Portrait of an icon: Xavi

Daniel Storey

There was a sign fixed to a wall at FC Barcelona during the 1960s and 1970s: ‘Turn around if you are here to offer a Juvenil player that is shorter than 1.80m’. It was a word of warning, but also an indication of football’s wider philosophy. Physical attributes were king, power and presence prioritised over poise. Barcelona were merely following the trend.

In 1986, a 15-year-old Pep Guardiola celebrated emphatically after learning from club doctors that he would grow to be 1.80m tall. Ten years earlier, manager Laureano Ruiz had planted the seeds of change, ripping down that sign. Yet the underlying principle still remained: If you couldn’t hold your own in a fight, you wouldn’t make it at the highest level.

Two years after Guardiola’s tests, Johan Cruyff arrived at Barcelona with a dream, a vision of Total Football that would change a club forever. His request for a new academy system was accepted by president Josep Lluis Nunez, and La Masia was born. Ruiz may have planted the seeds, but Cruyff was the master gardener. Never again would physicality be the deciding factor in selection.

And so we arrive at Xavi Hernandez. Xavi Hernandez who, at 1.68m tall, would have been shown that sign on the wall and then shown the door. Xavi Hernandez, the poster boy for the La Masia vision. Xavi Hernandez, the personification of Cruyff’s ideology. Xavi Hernandez, the greatest midfielder of his generation. From Luiz to Cruyff, Cruyff to Guardiola, Guardiola to Xavi, a seam running through the modern history of Barcelona. The lifeblood of the club.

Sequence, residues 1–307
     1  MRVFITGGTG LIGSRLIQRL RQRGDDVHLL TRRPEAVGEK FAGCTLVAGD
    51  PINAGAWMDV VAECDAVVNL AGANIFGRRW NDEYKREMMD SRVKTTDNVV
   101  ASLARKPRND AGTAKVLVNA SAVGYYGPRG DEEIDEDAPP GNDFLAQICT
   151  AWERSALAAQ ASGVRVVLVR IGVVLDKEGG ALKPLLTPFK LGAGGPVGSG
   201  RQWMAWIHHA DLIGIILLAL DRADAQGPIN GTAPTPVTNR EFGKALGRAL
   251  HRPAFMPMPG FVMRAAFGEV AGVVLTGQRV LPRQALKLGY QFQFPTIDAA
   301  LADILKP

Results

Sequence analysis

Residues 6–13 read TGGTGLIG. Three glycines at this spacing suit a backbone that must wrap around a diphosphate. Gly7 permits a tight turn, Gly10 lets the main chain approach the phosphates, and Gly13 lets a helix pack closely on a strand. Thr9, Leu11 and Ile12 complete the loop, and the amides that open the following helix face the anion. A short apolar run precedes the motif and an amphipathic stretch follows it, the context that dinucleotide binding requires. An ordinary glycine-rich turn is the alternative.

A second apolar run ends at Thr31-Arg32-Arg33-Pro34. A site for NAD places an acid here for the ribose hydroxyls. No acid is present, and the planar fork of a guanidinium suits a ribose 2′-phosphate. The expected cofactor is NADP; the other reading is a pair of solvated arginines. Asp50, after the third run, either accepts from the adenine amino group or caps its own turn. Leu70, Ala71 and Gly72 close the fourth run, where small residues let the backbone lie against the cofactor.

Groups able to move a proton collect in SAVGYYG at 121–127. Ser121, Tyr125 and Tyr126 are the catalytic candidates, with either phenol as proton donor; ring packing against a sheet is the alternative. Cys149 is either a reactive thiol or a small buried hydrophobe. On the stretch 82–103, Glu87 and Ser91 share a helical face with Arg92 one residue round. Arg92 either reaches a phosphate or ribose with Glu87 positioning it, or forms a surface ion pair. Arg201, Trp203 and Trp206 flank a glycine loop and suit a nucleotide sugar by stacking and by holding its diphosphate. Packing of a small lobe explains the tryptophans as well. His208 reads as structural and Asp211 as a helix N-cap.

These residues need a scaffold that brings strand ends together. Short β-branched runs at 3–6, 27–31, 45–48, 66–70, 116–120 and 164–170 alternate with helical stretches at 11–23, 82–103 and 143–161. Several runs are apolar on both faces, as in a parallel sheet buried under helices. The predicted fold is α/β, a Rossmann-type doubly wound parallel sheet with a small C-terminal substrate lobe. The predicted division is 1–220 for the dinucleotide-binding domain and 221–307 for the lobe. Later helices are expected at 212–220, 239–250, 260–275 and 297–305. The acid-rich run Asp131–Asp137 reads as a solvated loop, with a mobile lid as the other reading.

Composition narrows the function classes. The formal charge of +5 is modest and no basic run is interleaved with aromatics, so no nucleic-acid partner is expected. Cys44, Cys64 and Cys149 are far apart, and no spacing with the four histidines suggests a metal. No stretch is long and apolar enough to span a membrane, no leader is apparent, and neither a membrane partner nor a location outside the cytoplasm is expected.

Twenty-four years after joining Barcelona as an 11-year-old, Xavi is crying. It is his Barcelona farewell, a 17-year association with the club’s first team coming to an end. Andres Iniesta has paid his tribute to a “captain, teammate and friend”, and the tears flow. The only surprise is that they are not tinged with a Blaugrauna hue.

Following that presentation, Xavi walked out onto the Camp Nou pitch, where the 24 trophies he had won were arranged in the same fashion that you or I would arrange coffee mugs or cans of soup in a cupboard. The array of trinkets was astonishing: Eight La Liga trophies, three Copa Del Rey cups, six Spanish Super Cups, two European Super Cups, two Club World Cups and three European Cups.

A fourth European Cup would arrive a few days later, Xavi introduced as a substitute as Barcelona beat Juventus 3-1 in Berlin. It meant that the captain lifted trophies after each of his last three games at his hometown club (league title, Copa Del Rey, European Cup), perhaps the grandest send off in the history of club football. Barcelona have won 84 major trophies in their history; Xavi was present for 25 of them.

It was Hristo Stoichkov who mentioned that Barcelona’s history would be judged in terms of pre- and post-Xavi, but that same sentiment could easily be applied to football as a whole. Many players win trophies, but very few change the concepts of how the game can, or even should, be played. After an age when physicality had been cherished, Xavi was the standard-bearer for technique over physique. He turned it into an art form. As the man himself said: “Physically I’m limited, but I’ve survived by using my head.”